• ceremonies for healing
  • to begin all community-wide meetings, calling on the ancestors and future generations and all inhabitants of the land
  • creating altars
  • new moon and/or full moon ceremonies
  • practicing the ethics of nonviolent communication, non-judgment, no gossip
  • ceremonial fires

Fiestón (BIG party!)

Tierra and Paúl as spirits of the forest

With leadership from Carlos and Eva, the party was magnificent! All were invited to dress up as a “spirit of the forest”. I stuck a flower in my hair and put on my Code Pink scarf with peace symbols, and announced that I was “the flower of peace.” Paúl, with face paint and a tall thorny staff and his traditional embroidered poncho, looked the part of an ancestor. Daniel in black leotards and yellow cloth bands and a mask with antennae, was a marvellous bee. Liliana came as a field of flowers. Beto, black-face, all in black, was the spirit of the soil. Maritza in a green shawl was the protective Mother Earth. Another woman fashioned convincing bird wings out of palm fronds. Jivaku was the magician, and with the help of the little boys performed sleight-of-hand tricks.

Me, with Carlos

The talent show featured our teacher, Tierra, fire-dancing! There was a stilt walker, a juggler, and plenty of singing and guitar music. It was also the birthday of one of the little boys in the community, so we sang to him and ate delicious cake. Tasty vegiburgers made from part of the cacao plant were available, as well as beer. Greta, our DJ, provided fantastic music and the dancing didn’t stop until nearly midnight. Such fun!


“Will you trade me your bundle of cedar for this rose quartz pendant?” People displayed their handmade wares, extra seeds and whatever else they had brought, for a grand exchange. Every time an exchange was made, both partners yelled out “Trueque!”

David, the Ecuadorean shaman in training, was offering Tarot readings as an exchange. After Hayley mentioned that he was very intuitive, I proferred some liquid fertilizer being sold at Casa Comun, and here is the reading he gave me. My question was about staying in Barichara or seeking out an Ecovillage. He drew three cards: the first, he said, represents me; the second, Barichara, and the third, an ecovillage. The first card he drew was the Water Shaman; he said that is who I am. I was emotional over that, blurting out, “That’s what I always wanted to be!” “You already are,” he said. The second card, representing Barichara, was the Ally of Water. David told me that Barichara would be a helpful step in the right direction. The ecovillage card was Ancestral Shaman. That, he said, was my true calling…the ecovillage. “Let your mind settle, your waters settle,” he advised, “and you will have more clarity.”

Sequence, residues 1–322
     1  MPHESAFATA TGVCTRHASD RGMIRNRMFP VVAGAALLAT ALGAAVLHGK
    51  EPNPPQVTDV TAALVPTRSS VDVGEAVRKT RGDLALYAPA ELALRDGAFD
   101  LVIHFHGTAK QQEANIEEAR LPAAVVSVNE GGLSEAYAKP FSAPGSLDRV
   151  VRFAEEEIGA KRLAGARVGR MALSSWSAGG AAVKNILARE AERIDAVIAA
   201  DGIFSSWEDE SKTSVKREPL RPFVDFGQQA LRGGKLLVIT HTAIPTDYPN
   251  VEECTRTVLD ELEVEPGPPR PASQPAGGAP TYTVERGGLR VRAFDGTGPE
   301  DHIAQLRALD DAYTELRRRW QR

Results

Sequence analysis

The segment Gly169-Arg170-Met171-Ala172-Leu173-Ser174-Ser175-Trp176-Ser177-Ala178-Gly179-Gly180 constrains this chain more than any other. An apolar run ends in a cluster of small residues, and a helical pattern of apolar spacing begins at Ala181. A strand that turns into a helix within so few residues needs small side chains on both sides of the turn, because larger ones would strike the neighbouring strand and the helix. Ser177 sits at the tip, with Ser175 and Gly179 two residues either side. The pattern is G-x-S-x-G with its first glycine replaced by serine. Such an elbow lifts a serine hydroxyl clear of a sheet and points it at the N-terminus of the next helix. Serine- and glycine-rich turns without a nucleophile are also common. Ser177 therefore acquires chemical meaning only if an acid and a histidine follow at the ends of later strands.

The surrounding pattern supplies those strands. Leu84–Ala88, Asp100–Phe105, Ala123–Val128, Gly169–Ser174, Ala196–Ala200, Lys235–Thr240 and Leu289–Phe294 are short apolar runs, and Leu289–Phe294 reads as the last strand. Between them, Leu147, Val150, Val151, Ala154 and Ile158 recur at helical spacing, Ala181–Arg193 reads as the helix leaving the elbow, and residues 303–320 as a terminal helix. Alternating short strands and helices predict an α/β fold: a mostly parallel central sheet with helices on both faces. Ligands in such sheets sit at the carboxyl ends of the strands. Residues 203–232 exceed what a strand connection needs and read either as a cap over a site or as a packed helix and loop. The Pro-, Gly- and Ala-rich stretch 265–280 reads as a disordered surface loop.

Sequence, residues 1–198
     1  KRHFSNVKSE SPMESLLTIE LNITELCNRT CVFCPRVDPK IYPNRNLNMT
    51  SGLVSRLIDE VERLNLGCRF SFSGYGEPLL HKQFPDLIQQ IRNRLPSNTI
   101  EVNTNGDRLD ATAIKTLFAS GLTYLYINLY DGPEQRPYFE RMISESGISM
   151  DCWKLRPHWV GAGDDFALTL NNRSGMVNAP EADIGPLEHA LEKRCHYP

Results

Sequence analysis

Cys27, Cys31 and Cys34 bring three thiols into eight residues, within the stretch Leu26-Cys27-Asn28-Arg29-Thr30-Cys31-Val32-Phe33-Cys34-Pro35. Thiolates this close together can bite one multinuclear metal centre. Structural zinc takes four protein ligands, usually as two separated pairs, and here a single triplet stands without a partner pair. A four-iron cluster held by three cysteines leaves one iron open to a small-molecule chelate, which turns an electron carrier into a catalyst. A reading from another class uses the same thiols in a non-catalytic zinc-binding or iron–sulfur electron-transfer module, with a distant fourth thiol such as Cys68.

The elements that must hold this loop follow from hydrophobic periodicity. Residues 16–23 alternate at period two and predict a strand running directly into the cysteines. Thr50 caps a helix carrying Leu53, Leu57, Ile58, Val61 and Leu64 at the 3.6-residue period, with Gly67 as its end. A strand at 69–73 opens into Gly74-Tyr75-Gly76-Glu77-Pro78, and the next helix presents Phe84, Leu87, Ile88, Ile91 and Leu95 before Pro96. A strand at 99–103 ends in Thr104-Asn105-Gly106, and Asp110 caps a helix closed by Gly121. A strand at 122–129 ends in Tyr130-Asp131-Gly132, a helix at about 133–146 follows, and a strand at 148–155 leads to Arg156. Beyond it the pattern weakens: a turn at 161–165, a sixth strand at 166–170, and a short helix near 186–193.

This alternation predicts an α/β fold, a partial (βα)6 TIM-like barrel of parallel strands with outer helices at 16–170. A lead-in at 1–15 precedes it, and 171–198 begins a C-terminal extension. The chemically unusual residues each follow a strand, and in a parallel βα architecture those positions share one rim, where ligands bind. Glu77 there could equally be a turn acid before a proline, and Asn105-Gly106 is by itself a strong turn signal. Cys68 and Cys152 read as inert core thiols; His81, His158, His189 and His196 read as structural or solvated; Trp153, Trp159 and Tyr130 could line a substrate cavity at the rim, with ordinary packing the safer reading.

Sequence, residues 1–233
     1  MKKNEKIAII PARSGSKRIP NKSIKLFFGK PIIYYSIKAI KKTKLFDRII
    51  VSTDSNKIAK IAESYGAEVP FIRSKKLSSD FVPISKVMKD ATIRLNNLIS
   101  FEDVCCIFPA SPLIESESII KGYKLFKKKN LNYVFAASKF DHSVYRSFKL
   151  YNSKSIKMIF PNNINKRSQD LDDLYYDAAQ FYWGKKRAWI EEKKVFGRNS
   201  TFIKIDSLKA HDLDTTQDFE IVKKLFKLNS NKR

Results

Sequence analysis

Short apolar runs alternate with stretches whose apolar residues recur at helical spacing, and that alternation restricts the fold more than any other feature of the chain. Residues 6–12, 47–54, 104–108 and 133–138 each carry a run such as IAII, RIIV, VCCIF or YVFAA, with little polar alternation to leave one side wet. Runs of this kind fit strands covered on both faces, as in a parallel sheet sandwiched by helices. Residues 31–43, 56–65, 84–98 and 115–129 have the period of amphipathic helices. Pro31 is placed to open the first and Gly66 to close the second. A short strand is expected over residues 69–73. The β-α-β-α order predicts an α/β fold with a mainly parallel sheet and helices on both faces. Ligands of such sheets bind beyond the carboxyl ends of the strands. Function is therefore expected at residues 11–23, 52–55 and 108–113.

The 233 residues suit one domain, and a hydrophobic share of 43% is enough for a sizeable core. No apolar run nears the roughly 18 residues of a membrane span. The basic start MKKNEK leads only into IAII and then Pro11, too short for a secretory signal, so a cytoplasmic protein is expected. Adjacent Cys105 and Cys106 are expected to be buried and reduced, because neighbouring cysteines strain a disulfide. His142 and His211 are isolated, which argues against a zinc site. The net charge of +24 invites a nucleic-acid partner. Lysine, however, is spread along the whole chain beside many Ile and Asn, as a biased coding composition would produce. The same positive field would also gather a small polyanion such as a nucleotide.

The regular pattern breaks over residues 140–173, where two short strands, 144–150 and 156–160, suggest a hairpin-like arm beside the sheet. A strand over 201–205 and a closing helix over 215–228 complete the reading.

Presentation to the family

Some of us prepared a map of how Ama-Gi might look in 2030, including elements from the “stories of the future” — a biogas digester, a chicken tractor, keyhole garden beds for Gladys, a special building for the children, 5 more geodesic domes for guest stays, more area devoted to crops, fruit trees and perennials, an extra water tank, a store, a soccer field, a kitchen for making value-added products, a library, a maloca (traditional ceremonial thatched hut), and a new house for Sergio and family.

Team members show our futuristic design

On the final morning, two members of the family who hadn’t been part of the course were blindfolded and led on a “tour,” with various members of our class whispering to them about the sights of the new features; then brought into the room, blindfolds removed. Each team presented their piece of the vision for the changes to the land. I saw tears in the eyes of the family. Andrea had worked long hours incorporating photos and text for an impressive document describing the vision, that was a gift to the family from the whole class. In truth, it was astonishing what our teams were able to accomplish: the site analysis, the development of each element the family said they would like to see, the broad visionary quality of what we presented.

And then it was time for breakfast, appreciations, hugs and goodbyes!

Although I was sometimes grumpy from lack of sleep, and challenged by frigid temperatures, rain, mud, my hearing loss and poor comprehension, I was pleased that I understood as much as I did. It was a profound experience of stretching past my limits, of teamwork, and of co-creation…and I am grateful that I signed up for the adventure!



Cathy Holt

Cathy has been living in Colombia for 2 years. She’s passionate about regenerating landscapes with water retention, agro-forestry, and biogas digestors.